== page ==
Burma, Rubber Plant, Mon State

Burma’s Mon State is rich in rubber – it has been the locals’ main source of income for generations.

But since 2009, thousands of hectares of rubber plantation have been cut down to make way for a road project.

The project is run by the powerful armed wing of the New Mon State Party.

Many locals were forced to cut down their trees.

About 50 workers are repairing the 35 kilometre long road that connects Wa Sar Laoi village to Mudon city in Mon state.

The project is run by a committee backed by the New Mon State Party, the local ethnic armed group.

The party argues that people will benefit from the road.

But 52-year-old Ma Ong Kyi lost part of her 100 hectare rubber plantation because of the road project.

"Our land was taken away when they started the road project a few years ago. Now they tell me to cut down 100 rubber trees to extend the road. What else do we have for our livelihood?”

Rubber plantations are the main source of income for locals.

But a total of roughly 6,000 hectares of rubber plantations has been cut down to build the road.
 
Like 42-year-old San Yin, many are too afraid to speak up.

“They are soldiers... we do not dare complain. We might be arrested if we do.”

In rural areas like Mon State, the Burmese are still largely ruled by armed groups.

The New Mon State Party’s armed wing is believed to have about 1,000 troops in the hills of southeast Burma.

In the past, locals supported them, believing that they were fighting for the people.

But San Yin has started to change her mind.

“We have to pay a lot money to armed groups for many purposes; for security fees, to repair roads, and an annual tax to the group. They never tell us how much money they get. Some of the money went into their own pockets."

Many say land was taken away without compensation.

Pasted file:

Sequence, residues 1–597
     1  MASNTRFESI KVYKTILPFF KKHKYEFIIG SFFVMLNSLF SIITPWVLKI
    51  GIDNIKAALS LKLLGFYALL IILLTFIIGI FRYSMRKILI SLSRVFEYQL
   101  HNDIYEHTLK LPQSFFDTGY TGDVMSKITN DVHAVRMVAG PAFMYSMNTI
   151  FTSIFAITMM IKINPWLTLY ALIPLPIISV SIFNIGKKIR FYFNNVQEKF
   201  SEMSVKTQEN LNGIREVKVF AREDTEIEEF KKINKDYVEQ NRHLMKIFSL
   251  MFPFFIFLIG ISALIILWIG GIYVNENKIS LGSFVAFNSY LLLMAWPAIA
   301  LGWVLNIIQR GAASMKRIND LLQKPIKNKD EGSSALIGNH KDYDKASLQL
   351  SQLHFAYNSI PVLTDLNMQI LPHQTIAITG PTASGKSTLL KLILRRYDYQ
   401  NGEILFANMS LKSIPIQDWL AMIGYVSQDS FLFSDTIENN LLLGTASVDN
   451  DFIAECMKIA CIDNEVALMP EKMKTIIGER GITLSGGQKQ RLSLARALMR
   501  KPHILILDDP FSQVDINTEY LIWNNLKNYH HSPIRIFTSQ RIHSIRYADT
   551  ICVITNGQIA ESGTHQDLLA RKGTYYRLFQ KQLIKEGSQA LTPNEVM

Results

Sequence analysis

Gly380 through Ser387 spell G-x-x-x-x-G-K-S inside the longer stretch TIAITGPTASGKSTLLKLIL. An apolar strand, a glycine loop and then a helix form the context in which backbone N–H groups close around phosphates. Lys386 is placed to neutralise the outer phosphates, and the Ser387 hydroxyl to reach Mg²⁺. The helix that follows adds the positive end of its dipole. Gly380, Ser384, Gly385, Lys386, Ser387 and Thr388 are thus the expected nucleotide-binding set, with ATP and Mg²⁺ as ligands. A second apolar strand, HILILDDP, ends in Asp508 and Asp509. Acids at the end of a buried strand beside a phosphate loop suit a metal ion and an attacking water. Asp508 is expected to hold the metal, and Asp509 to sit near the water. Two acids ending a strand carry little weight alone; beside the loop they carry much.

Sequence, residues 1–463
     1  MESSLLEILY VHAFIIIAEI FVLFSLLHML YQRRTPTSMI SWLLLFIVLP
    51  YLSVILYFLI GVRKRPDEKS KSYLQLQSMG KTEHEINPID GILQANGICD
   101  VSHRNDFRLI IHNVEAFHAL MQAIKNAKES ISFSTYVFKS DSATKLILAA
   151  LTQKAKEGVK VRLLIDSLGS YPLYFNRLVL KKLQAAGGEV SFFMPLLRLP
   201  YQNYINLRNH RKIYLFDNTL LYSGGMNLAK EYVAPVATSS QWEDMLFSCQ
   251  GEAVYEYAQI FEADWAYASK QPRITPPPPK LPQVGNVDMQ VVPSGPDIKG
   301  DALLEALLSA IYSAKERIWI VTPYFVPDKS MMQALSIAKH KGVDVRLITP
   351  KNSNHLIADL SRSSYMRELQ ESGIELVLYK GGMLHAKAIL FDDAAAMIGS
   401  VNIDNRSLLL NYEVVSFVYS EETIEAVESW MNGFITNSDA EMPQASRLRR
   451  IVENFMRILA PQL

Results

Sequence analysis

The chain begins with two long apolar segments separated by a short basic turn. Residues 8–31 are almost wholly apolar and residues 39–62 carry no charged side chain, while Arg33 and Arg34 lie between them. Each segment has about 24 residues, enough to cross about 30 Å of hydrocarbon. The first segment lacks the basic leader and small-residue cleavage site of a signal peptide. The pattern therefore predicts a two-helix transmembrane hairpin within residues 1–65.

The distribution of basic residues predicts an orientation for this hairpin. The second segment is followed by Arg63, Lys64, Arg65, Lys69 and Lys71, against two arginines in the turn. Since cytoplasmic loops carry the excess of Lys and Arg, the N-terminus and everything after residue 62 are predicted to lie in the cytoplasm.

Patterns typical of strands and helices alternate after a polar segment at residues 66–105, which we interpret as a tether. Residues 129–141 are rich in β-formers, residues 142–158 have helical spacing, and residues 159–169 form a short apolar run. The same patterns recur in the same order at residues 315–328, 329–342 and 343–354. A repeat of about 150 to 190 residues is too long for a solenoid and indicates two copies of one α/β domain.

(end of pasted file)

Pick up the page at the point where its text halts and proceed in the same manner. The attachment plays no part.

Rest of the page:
But a spokesperson for the New Mon State Party, Nai Talanyi, claims that people support the road project.

"We have been consulting the villagers. They already knew that their plantations would be cut down for the roads. Our local administration didn’t inform us that there were objections from the villagers. So we don’t know anything. We don’t have a budget to compensate the rubber plantation owners.”

The New Mon State Party also received some grants from the government for the development project during the signing of the peace deal last year.

But it’s unclear how much they got and whether it’s being used for the benefit of local people or not.

A Member of Parliament for Mon State, Banyar Aung Moe has been urging the government to take over all the development projects in order to secure people’s rights.

Nay Myo Wai is a local land activist.

"Nationwide, land has been taken away by state military-backed companies, the army itself or ethnic armed groups. We don’t have the capacity to fight for those people whose rights were violated by the armed groups. We’re still struggling to fight against government violations. The state government should behave better than the ethnic armed groups because they’re the ones who are in the international spotlight.”

Most of the complaints, he says, relate to the army.

In 2003, Mon human rights groups reported that the army confiscated more than 1,600 hectares of land from farmers for military purposes and barracks.

The New Mon State Party also took several hectares of land but no one is sure exactly how much.

But for 32-year-old farmer Htaw Mon, the main question is still unanswered.

“Many people are wondering why the road committee needs to widen the road when the existing roads were not properly constructed? We would be happy if the road was built using the existing space. But all of us are too afraid to complain about it.”


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